AFC 2014 AFC Women's Asian Cup 2055
CAF 2014 African Women's Championship 2633
CONCACAF 2014 CONCACAF Women's Championship 28+113+13½+1
CONMEBOL 2014 Copa América Femenina 103
OFC 2014 OFC Women's Nations Cup 411
UEFA 2015 FIFA Women's World Cup qualification (UEFA) 4688
Total134+123+123+14 April 20132 December 2014

Africa

(26 teams competing for 3 berths)

As in the previous World Cup cycle, the 2014 African Women's Championship served as the qualification tournament for the Women's World Cup. The qualifying saw a record entry of 25 CAF teams (26 if including final tournament host Namibia). Four teams though withdrew before playing any matches.

2014 African Womens Championship

The 2014 African Women's Championship, the 11th edition of the tournament, was held in Namibia. This tournament, organized by the Confederation of African Football, was also a qualification tournament for the 2015 FIFA Women's World Cup, with top three qualifying for the finals in Canada. It was played on 11–25 October 2014.

The qualification procedure for the 2014 African Women's Championship, the continent's women's association football championship started on 14 February 2014. A record 25 teams applied for the 2014 African Women's Championship. Four teams eventually withdrew before playing any match.

A total of eight teams (the host nation and seven teams which came through the qualifying rounds) competed at the final tournament in Namibia from 11 to 25 October 2014. The top three teams of the final tournament qualified for the World Cup.

Knockout stage

 
SemifinalsFinal
 
      
 
22 October
 
 
Flag of Nigeria.svg  Nigeria 2
 
25 October
 
Flag of South Africa.svg  South Africa 1
 
Flag of Nigeria.svg  Nigeria 2
 
22 October
 
Flag of Cameroon.svg  Cameroon 0
 
Flag of Cameroon.svg  Cameroon (a.e.t.)2
 
 
Flag of Cote d'Ivoire.svg  Ivory Coast 1
 
Third place
 
 
25 October
 
 
Flag of South Africa.svg  South Africa 0
 
 
Flag of Cote d'Ivoire.svg  Ivory Coast 1

Nigeria, Cameroon and Ivory Coast qualified for the World Cup.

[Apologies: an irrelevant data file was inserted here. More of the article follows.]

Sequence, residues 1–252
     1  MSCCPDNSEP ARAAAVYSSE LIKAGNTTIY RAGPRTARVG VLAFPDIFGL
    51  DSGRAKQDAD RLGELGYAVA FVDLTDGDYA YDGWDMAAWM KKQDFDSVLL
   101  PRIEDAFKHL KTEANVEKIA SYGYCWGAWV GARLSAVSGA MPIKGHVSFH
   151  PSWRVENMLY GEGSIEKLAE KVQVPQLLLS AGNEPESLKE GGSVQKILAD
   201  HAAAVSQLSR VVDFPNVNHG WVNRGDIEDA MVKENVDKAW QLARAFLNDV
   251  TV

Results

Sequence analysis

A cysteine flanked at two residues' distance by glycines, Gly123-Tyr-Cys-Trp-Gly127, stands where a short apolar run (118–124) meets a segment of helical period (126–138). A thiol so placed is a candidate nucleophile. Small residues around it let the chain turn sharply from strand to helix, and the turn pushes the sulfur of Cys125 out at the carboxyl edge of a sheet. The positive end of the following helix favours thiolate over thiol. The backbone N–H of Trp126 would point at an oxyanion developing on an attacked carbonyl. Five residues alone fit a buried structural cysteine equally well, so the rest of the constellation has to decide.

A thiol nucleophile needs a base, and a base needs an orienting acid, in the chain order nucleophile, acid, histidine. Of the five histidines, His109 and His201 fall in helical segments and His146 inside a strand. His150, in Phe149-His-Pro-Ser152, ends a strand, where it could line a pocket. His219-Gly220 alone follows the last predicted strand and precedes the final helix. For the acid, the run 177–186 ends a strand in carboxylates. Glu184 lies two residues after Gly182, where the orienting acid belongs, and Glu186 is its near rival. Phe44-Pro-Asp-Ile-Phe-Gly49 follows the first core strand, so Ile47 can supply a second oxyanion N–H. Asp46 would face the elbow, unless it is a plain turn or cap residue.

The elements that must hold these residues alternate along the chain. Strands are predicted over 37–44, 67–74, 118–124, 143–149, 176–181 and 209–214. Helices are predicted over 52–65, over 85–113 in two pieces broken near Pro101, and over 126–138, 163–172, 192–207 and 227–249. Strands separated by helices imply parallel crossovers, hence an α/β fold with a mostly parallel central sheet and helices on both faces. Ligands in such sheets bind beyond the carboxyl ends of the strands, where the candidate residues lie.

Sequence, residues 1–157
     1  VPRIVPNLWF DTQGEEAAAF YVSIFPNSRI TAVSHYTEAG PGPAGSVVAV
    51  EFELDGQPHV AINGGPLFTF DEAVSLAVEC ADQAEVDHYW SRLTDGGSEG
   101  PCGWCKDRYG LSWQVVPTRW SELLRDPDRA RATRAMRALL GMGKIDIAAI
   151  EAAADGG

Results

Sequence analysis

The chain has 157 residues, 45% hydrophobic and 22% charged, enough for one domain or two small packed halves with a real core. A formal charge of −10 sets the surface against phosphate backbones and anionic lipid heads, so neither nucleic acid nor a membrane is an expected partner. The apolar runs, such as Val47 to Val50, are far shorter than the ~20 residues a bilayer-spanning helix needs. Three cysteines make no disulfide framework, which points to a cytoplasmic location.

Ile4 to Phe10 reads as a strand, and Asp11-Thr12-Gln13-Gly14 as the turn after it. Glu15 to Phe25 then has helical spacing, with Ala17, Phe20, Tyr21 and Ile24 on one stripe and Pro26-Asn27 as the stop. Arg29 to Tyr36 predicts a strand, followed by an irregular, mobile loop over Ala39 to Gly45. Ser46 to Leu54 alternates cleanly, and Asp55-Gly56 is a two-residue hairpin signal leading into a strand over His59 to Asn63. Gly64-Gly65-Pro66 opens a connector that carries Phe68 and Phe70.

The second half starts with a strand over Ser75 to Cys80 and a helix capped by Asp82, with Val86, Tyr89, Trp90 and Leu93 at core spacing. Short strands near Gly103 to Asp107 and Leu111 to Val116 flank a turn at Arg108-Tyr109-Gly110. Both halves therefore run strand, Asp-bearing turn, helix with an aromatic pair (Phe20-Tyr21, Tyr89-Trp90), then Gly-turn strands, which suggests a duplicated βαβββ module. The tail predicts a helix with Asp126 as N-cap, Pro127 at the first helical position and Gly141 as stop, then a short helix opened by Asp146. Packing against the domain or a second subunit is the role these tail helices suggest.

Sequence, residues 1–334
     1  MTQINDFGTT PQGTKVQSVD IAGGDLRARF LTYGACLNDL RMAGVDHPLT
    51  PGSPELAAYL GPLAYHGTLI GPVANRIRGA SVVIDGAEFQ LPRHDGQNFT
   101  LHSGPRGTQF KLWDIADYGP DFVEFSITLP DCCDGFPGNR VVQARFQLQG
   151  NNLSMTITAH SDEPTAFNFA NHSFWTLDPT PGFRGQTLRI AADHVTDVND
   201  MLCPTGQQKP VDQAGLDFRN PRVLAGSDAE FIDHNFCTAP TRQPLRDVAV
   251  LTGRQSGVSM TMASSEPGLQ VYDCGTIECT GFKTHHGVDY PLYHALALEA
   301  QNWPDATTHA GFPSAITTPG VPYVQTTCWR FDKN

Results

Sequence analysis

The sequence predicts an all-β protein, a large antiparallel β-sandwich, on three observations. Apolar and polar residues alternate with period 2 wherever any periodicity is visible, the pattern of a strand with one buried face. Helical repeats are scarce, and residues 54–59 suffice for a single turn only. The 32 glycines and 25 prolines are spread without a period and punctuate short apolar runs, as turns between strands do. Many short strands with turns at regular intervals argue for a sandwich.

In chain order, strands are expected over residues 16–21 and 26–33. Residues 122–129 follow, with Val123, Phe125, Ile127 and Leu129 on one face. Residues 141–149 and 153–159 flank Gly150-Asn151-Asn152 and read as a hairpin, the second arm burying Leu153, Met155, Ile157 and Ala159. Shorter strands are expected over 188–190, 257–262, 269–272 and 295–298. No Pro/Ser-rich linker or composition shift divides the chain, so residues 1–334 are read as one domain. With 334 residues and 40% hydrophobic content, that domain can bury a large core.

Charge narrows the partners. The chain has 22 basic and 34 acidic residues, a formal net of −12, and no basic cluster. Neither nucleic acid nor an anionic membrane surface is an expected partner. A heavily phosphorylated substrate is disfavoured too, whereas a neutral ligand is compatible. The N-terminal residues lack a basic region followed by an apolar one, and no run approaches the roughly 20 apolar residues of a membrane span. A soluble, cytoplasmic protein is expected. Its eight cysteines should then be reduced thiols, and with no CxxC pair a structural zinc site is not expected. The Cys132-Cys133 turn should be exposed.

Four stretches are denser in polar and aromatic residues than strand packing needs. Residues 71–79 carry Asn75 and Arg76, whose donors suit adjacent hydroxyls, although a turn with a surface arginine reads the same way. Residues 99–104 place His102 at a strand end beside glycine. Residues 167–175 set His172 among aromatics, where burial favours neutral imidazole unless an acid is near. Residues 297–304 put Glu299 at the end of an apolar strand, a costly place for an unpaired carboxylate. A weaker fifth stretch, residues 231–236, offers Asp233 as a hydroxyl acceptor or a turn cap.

Asia

(20 teams competing for 5 berths)

As in the previous World Cup cycle, the 2014 AFC Women's Asian Cup served as the qualifying tournament. A total of 20 AFC teams competed for five berths.

The 2014 AFC Women's Asian Cup, the 18th edition of the competition, was a women's association football tournament competed by national teams in Asian Football Confederation (AFC). It served as the qualification for the 2015 FIFA Women's World Cup. It was played from 14 to 25 May 2014 in Vietnam.

The final tournament, held in Vietnam from 14 to 25 May 2014, was competed by eight teams, four of which – Australia, China, Japan and South Korea – were automatically qualified though their 2010 placement, while the others were determined via a qualification tournament. [3] North Korea was banned from the tournament due to the sanction on their doping cases in 2011 FIFA Women's World Cup. [4]

The 2010 AFC Women's Asian Cup was held from 19–30 May at the Chengdu Sports Center in China PR. The winners, Australia, runners-up, Korea DPR, and third-place team, Japan qualified for the 2011 FIFA Women's World Cup.

The 2014 AFC Women's Asian Cup qualification saw 16 nations attempt to qualify for the 2014 AFC Women's Asian Cup football competition. The four winners from all groups joined the four automatic qualifiers in the final tournament.

North Korea womens national football team womens national football team representing North Korea

The North Korea women's national football team represents North Korea in international women's football. North Korea won the AFC Women's Asian Cup in 2001, 2003, and 2008.

Group stage